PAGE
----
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Perhaps the most important factor in the success of a Six Sigma implementation is full leadership commitment. The support of leaders is required from the CEO or Executive Director down to the line supervisors and managers. Without this support, all the training and tools in the world can not produce effective results.
Effective Six Sigma requires a culture of accountability, of data-based decision making and project prioritizing and of doing what is right and best rather than what seems easiest and quickest. In the absence of comprehensive leadership focus on these things, individual managers and process owners will quickly fall back on doing things the traditional way, based on gut instincts, anecdotal evidence and political power.
Here are examples of the problems that can arise when Six Sigma projects are undertaken in an environment that is lacking in substantive leadership support:
- Process owners say they understand the importance of Six Sigma and will support a DMAIC project in their area, but then fail to attend project team meetings and argue with all the conclusions and recommendations from the Black Belt or Green Belt.
- Project sponsors publicly support a project because they know it is what is expected, but then do not provide the resources necessary for project success or help remove roadblocks to project success.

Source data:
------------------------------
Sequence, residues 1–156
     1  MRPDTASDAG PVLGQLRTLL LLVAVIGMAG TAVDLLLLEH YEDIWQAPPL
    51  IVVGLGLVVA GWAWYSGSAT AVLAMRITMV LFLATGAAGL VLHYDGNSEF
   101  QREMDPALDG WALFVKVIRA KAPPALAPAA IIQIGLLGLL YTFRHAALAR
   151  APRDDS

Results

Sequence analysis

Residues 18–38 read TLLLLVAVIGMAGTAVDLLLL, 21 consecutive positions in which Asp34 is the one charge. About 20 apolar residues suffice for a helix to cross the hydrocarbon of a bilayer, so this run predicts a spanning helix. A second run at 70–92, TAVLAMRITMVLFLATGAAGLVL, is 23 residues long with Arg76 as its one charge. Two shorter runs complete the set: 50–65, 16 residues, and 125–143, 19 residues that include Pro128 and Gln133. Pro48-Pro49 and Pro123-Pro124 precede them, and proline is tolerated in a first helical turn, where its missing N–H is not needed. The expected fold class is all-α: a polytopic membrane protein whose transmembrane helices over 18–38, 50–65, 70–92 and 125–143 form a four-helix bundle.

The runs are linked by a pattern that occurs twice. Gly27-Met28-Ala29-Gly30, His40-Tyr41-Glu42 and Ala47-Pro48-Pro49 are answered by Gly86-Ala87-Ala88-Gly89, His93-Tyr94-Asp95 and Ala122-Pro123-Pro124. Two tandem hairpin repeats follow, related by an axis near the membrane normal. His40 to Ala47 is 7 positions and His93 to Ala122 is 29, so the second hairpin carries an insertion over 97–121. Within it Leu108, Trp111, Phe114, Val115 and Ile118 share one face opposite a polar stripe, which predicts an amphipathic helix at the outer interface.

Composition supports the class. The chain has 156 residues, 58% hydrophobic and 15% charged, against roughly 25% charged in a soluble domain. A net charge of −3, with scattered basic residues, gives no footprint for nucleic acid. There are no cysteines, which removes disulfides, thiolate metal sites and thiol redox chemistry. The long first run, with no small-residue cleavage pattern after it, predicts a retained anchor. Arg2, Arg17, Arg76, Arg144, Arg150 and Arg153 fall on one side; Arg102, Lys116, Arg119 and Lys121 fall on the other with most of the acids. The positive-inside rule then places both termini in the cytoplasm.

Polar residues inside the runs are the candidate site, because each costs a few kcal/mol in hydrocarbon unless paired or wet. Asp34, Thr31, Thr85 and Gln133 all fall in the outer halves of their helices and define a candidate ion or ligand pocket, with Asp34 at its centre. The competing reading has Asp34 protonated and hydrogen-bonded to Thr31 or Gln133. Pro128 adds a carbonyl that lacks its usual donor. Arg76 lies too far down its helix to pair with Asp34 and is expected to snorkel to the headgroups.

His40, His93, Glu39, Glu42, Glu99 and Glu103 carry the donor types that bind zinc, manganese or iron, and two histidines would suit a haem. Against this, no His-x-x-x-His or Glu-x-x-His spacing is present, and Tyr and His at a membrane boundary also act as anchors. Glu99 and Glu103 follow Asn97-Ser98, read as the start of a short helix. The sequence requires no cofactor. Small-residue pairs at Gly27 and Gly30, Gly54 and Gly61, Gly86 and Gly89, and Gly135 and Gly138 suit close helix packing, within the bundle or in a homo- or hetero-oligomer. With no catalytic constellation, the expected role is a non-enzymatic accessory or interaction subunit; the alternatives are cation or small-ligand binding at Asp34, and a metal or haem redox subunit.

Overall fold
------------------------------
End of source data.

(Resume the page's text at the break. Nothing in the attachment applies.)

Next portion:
- Business leaders follow the methodology for a while, but then decide that their time is to important to spend in meetings reviewing metrics or prioritizing projects.
- Managers agree to Six Sigma in theory, but when it comes to their own area of the business they claim the data must be wrong and they know how things really should be.
- Leaders give in to the pressure for quick results and go back to quick fixes and band aids that do not address root causes and do not provide lasting solutions.
- Employees are rewarded and penalized for performance based on data that is interpreted incorrectly, leading to employee dissatisfaction and poor business decisions.
It is critical that organizational leaders understand that Six Sigma isn't something that is done in addition to regular operations, it's how operations are done. They must continually keep in mind that they are looking for the right solutions to the right problems and that Six Sigma is a proven means of doing so. They must practice what they preach, leading by example rather than leaving it to the Black Belts and Quality Leader to promote the Six Sigma mindset and principles.
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